The night of Sept. 30, 1961 was, literally and figuratively, one of the darkest of Art Jackson’s life. The 36-year-old Marine captain’s job that gloomy night was to escort a man suspected of being a Cuban spy off of the U.S. Naval Base at Guantanamo Bay. But a momentary delay – the lock on a gate wouldn’t open – began a series of events that haunts the Boise Medal of Honor recipient to this day.
Jackson is Idaho’s under-the-radar Medal of Honor recipient. Others – Kuna’s Bernie Fisher, the recently deceased Ed Freeman of Boise, even the late Vernon Baker of far-off St. Maries – all have received more local media attention. Jackson has seldom spoken publicly about his military career and never about its Guantanamo chapter.
A company commander at Guantanamo on that September night, he discovered a Cuban bus driver named Ruben Lopez in a restricted part of the base for which Lopez had not been granted access. Naval intelligence had identified Lopez as a spy for Fidel Castro’s new Communist regime, but he’d been allowed to keep his bus-driving job on the base. When Jackson found him in the restricted area, an ammunition dump, he decided to remove him from the base and summoned another officer to assist.
The two escorted Lopez to a back gate, but were unable to open its lock. Jackson sent the other officer for tools, but managed to pry open the lock while he was gone. No sooner had he done so than Lopez lunged at him and tried to take his sidearm.
Lopez chose the wrong man to attack. If he thought he was quick enough to disarm the larger, seemingly slower-moving American, he was mistaken. Left alone with a suspected spy, Jackson had taken the precaution of having his pistol cocked and ready in its holster. He drew and fired in self defense.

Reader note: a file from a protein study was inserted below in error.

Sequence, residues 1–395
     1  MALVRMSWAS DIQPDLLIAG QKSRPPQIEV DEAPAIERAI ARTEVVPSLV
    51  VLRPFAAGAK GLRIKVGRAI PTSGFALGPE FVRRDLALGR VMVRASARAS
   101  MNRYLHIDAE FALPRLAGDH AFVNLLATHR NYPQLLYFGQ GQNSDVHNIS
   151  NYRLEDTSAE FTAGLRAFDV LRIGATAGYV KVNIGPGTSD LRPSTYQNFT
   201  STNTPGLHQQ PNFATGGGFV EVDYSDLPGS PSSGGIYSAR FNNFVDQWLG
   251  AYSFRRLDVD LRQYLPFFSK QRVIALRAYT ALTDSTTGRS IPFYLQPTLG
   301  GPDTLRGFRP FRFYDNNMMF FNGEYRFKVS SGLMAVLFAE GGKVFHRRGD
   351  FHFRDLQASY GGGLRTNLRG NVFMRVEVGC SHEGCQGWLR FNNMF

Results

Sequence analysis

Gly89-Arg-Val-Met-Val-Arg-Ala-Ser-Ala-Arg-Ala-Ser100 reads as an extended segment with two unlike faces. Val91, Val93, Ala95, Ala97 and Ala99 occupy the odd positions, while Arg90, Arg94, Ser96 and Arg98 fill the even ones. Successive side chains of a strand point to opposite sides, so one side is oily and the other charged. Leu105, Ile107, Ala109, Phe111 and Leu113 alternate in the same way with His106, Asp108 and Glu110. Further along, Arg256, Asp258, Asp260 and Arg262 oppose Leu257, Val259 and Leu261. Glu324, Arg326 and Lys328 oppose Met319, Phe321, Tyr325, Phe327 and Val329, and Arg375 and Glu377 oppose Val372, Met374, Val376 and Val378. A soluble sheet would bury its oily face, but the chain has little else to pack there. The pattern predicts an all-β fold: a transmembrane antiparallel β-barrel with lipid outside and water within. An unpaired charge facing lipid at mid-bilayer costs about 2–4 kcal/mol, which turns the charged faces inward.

Lopez died instantly. And Jackson was about to make a decision that would change his life, putting him at odds with the highest levels of President John F. Kennedy’s administration.
“I hoped no one would find out,” he said. “The world found out.”
In line for a promotion to major at the time, a celebrated career all but assured, Jackson was arrested. The World War II hero was placed under guard and flown to Washington,D.C., where Marine Corps Commandant David Shoup, acting on orders from Kennedy and Secretary of Defense Robert McNamara, forced him to leave the Marine Corps. From a rising star with the nation’s highest award for bravery in his service record, he went to a job as a mail carrier in California. He was honorably discharged, but his status as one of the most admired men in the military passed like a Cuban breeze.
The young man who found himself at the center of a potential international incident in Cold War Cuba could have been a poster child for the All American Boy in Depression-era Ohio. A native of Cleveland, Jackson grew up in Canton, Ohio, where he was a Boy Scout and the bugler in his troop. He was five merit badges shy of making Eagle Scout when his watchmaker father took a job in Seattle. The Jacksons had hardly settled there when another job offer took them to Portland, where Art attended high-school, lettering in baseball, football and track.
“My mother cried after I graduated and left the country,” he said.
He left for a job with a construction company in Alaska, then 17 years from statehood.
“I was a common laborer. They were building a Naval Air Station and extending the runways at Sitka. I’d hear the roar of the planes and watch those Marine Corsair pilots and think, ‘Holy moly, that’s what I want to do – fly a plane off a carrier.'”